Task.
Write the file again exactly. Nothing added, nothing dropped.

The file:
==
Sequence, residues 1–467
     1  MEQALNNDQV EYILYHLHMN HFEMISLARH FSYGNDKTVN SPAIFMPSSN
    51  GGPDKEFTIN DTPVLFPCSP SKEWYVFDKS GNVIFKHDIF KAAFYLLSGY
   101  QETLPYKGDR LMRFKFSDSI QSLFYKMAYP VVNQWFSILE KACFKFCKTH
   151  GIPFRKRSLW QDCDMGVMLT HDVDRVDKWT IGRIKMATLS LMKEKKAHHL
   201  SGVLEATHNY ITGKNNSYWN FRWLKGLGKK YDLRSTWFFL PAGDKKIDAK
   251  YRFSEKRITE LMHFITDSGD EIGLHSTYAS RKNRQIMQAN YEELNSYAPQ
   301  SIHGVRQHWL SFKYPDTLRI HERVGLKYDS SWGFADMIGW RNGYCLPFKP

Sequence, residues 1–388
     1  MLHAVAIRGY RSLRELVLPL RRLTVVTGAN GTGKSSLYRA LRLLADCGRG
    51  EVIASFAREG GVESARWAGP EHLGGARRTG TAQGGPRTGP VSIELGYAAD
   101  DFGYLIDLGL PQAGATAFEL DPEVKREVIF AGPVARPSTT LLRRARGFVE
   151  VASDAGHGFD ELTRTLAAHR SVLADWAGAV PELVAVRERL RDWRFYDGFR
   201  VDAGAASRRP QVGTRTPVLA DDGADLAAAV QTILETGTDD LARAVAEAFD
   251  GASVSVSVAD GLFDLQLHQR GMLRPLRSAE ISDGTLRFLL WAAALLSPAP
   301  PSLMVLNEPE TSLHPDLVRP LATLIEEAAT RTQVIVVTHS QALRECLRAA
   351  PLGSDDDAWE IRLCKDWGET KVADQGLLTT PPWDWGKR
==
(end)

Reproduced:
Sequence, residues 1–467
     1  MEQALNNDQV EYILYHLHMN HFEMISLARH FSYGNDKTVN SPAIFMPSSN
    51  GGPDKEFTIN DTPVLFPCSP SKEWYVFDKS GNVIFKHDIF KAAFYLLSGY
   101  QETLPYKGDR LMRFKFSDSI QSLFYKMAYP VVNQWFSILE KACFKFCKTH
   151  GIPFRKRSLW QDCDMGVMLT HDVDRVDKWT IGRIKMATLS LMKEKKAHHL
   201  SGVLEATHNY ITGKNNSYWN FRWLKGLGKK YDLRSTWFFL PAGDKKIDAK
   251  YRFSEKRITE LMHFITDSGD EIGLHSTYAS RKNRQIMQAN YEELNSYAPQ
   301  SIHGVRQHWL SFKYPDTLRI HERVGLKYDS SWGFADMIGW RNGYCLPFKP

Sequence, residues 1–388
     1  MLHAVAIRGY RSLRELVLPL RRLTVVTGAN GTGKSSLYRA LRLLADCGRG
    51  EVIASFAREG GVESARWAGP EHLGGARRTG TAQGGPRTGP VSIELGYAAD
   101  DFGYLIDLGL PQAGATAFEL DPEVKREVIF AGPVARPSTT LLRRARGFVE
   151  VASDAGHGFD ELTRTLAAHR SVLADWAGAV PELVAVRERL RDWRFYDGFR
   201  VDAGAASRRP QVGTRTPVLA DDGADLAAAV QTILETGTDD LARAVAEAFD
   251  GASVSVSVAD GLFDLQLHQR GMLRPLRSAE ISDGTLRFLL WAAALLSPAP
   301  PSLMVLNEPE TSLHPDLVRP LATLIEEAAT RTQVIVVTHS QALRECLRAA
   351  PLGSDDDAWE IRLCKDWGET KVADQGLLTT PPWDWGKR